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'Channel-First' IoT Security Startup Ordr Launches Partner Program

Led by former Aruba Networks executives, Ordr says its roots in channel-driven networking vendors makes it uniquely capable in how it helps partners identify and secure IoT devices on IT networks. 'They did a better job than any other tool we looked at in the market,' an executive at Logicalis says.

IoT security startup Ordr, whose top executives came from Aruba Networks, has launched a comprehensive, global partner program that aims to give solution providers multiple ways to make money in securing and controlling connected devices on corporate IT networks.

The Santa Clara, Calif. company announced the global expansion of the partner program for its artificial intelligence-based Systems Control Engine Monday after coming out of stealth mode last year with former Aruba Networks CEO Dominic Orr joining as chairman.

[Related: NetFoundry Sees Big IoT, Remote IT Play For Zero-Trust Networking]

In an exclusive interview with CRN, Eric Berkman, a former Cisco Systems sales lead who is now Ordr's senior director of worldwide channel, said the company leadership's roots in channel-driven networking vendors makes Ordr uniquely capable in how it gives solution providers the resources they need to identify, segment and secure IoT devices using existing networking infrastructure.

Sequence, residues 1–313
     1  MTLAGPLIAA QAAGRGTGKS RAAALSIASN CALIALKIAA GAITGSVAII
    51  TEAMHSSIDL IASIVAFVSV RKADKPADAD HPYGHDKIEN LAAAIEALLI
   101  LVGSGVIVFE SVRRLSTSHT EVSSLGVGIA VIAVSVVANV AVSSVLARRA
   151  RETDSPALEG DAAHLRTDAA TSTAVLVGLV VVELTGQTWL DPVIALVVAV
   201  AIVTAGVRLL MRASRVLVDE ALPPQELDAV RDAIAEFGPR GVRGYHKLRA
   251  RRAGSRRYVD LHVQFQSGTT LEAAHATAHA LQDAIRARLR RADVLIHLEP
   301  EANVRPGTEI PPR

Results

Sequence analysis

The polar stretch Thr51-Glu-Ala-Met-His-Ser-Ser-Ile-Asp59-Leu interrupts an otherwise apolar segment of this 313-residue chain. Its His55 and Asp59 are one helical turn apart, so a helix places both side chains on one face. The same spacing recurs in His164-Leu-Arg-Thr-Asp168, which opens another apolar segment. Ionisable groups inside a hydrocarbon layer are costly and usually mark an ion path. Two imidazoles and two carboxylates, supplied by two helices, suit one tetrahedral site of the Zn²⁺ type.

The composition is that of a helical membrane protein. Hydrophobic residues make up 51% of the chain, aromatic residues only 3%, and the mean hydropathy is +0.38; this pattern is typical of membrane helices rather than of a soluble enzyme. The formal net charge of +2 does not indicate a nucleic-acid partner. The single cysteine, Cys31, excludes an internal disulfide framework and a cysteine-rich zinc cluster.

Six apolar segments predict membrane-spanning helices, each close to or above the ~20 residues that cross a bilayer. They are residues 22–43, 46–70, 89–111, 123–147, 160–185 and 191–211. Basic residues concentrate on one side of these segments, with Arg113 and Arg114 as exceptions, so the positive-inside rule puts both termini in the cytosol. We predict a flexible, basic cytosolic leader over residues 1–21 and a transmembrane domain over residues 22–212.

"Understanding in depth the way we see the network is really what makes us unique," Berkman said.

In addition to Orr, the company's CEO Greg Murphy as well as co-founders Pandian Gnanaprakasam and Sheausong Yang were previously executives at Aruba Networks, which was acquired by Hewlett Packard Enterprise in 2015. Before that, Gnanaprakasam, who along with Yang also worked at Cisco, led the engineering team for Cisco's Wi-Fi business unit.

Berkman said Murphy — who worked at Aruba for nine years and was most recently CEO of marketing tech startup Zenreach — has told the company's employees multiple times that the "only way to get scale and acceleration is through the channel," which is how Ordr has worked from the start.

"Our sales organization has been channel-first since day one. And the people that we hire and we bring on board have incredible channel expertise and relationships and trust already in the channel," he said. "This has been a unique and really frankly fun way to grow the channel from the very beginning."